Marvel Cinematic Universe Steps Up Its Game With Black Panther
Black Panther has managed to do something I never thought possible; it has dethroned Captain America: The Winter Soldier as my favorite movie in the Marvel Cinematic Universe. Black Panther is a solid entry to the ever-entwined franchise and a perfect example of how to do a stand-alone film.
I don’t want to spoil anyone too much, because Black Panther is a movie that you should definitely go into without knowing much, just so you can be awed the same way that I was. But this is A MOVIE. The cinematography is incredible, the special effects are insane, the music is stellar, the script is great, and the cast is top-notch. Basically, everything about Black Panther is awesome.
One of the reasons Black Panther is a great stand-alone film is because it IS a stand-alone film. Yes, you can see the connections with the rest of the MCU in Martin Freeman’s Agent Ross (who appeared in Captain America: Civil War) and Andy Serkis’s Klaue (who was in Avengers: Age of Ultron), but that’s about it. It references Civil War, as it takes place about a week after those events, but it’s set almost entirely in Wakanda, about Wakanda. T’Challa deserves his own story, without the aid of other heroes from the MCU, and he gets it in spades in this film – family drama, a crisis of faith, a romance, and some unbelievable fight sequences.
At the heart of Black Panther is a message about race and about the different beliefs in how to handle it. Killmonger is angry, because he grew up abandoned by the world, and he sees the way black people are treated everywhere and wants to do something to stop it. T’Challa was raised to believe that Wakanda needed to isolate itself if they didn’t want to be colonized the same way the rest of the continent was. Their clashing ideologies, and the discussions around them, make up the core of the film. If you have the ability to help, do you have a responsibility to do so? And if you believe that you do have the responsiblity, how do you help?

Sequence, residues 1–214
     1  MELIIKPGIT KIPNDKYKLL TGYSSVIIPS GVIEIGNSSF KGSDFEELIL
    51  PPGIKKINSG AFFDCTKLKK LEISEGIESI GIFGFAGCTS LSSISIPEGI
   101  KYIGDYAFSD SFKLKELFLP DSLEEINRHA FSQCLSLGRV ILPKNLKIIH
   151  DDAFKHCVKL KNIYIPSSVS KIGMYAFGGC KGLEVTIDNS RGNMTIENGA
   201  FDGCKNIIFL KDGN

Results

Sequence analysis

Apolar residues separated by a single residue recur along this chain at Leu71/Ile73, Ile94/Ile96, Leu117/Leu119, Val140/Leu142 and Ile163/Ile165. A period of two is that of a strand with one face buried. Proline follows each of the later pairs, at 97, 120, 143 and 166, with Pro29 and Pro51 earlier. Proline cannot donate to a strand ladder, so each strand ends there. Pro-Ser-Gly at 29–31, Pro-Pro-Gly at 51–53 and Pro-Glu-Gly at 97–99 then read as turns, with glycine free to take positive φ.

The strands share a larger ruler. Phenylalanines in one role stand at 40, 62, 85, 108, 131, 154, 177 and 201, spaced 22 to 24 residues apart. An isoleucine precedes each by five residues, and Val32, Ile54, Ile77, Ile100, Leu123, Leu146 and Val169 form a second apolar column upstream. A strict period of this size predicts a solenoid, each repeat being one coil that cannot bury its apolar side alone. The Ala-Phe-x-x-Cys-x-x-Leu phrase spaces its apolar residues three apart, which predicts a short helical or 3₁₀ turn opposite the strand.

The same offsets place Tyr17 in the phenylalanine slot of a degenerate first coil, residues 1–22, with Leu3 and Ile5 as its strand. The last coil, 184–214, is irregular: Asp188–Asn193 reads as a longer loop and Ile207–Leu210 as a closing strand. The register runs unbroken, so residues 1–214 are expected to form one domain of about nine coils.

One of my favorite things about Black Panther are the female characters. T’Challa is surrounded by strong, capable women, and it’s amazing. Of course, there are the Dora Milaje, the king’s personal bodyguards. Led by Okoye, the Dora Milaje are an elite fighting force that scoff at the primitiveness of guns and seem completely at home car-surfing. All of Wakanda’s technological innovations are designed by T’Challa’s sister Shuri, who is brilliant and super into what she does. Nakia is fiercely loyal and just wants to do good in the world. In a film franchise where there is usually one token female character – maybe more, occasionally – it was amazing to see the main hero aided by women all along the way. It is especially amazing that they were women of color – something the MCU has been sorely lacking.
On that topic, there is one place where Black Panther could have done better. In the comics, two of the Dora Milaje are in a romantic relationship, but this is not addressed in the movie. I don’t think it necessarily takes away from the film, since Okoye is really the only Dora Milaje who gets significant screen time, but it was a simple opportunity for LGBTQ+ inclusion that was overlooked for whatever reason. It’s disappointing that Marvel won’t take that leap even when there’s the perfect chance for it.
Director Ryan Coogler and star Chadwick Boseman both talked about giving Wakanda its own sense of identity. They wanted it to look and seem like a real country, and not just a mish-mash of a bunch of different cultures, and I think they succeeded. Wakanda has futuristic technology (seriously, Tony Stark would salivate if he ever got to set foot in Shuri’s lab), but it still looks like a country in modern-day Africa. Wakanda has its own traditions and language (which is spoken a fair bit). I totally believe Wakanda could actually exist.
Black Panther is a stellar example of a superhero solo film done right. It raises the bar for the rest of the MCU, and I will now have higher expectations for upcoming films.
Author: Jamie Sugah
Jamie has a BA in English with a focus in creative writing from The Ohio State University. She self-published her first novel, The Perils of Long Hair on a Windy Day, which is available through Amazon. She is currently an archivist and lives in New York City with her demon ninja vampire cat. She covers television, books, movies, anime, and conventions in the NYC area.
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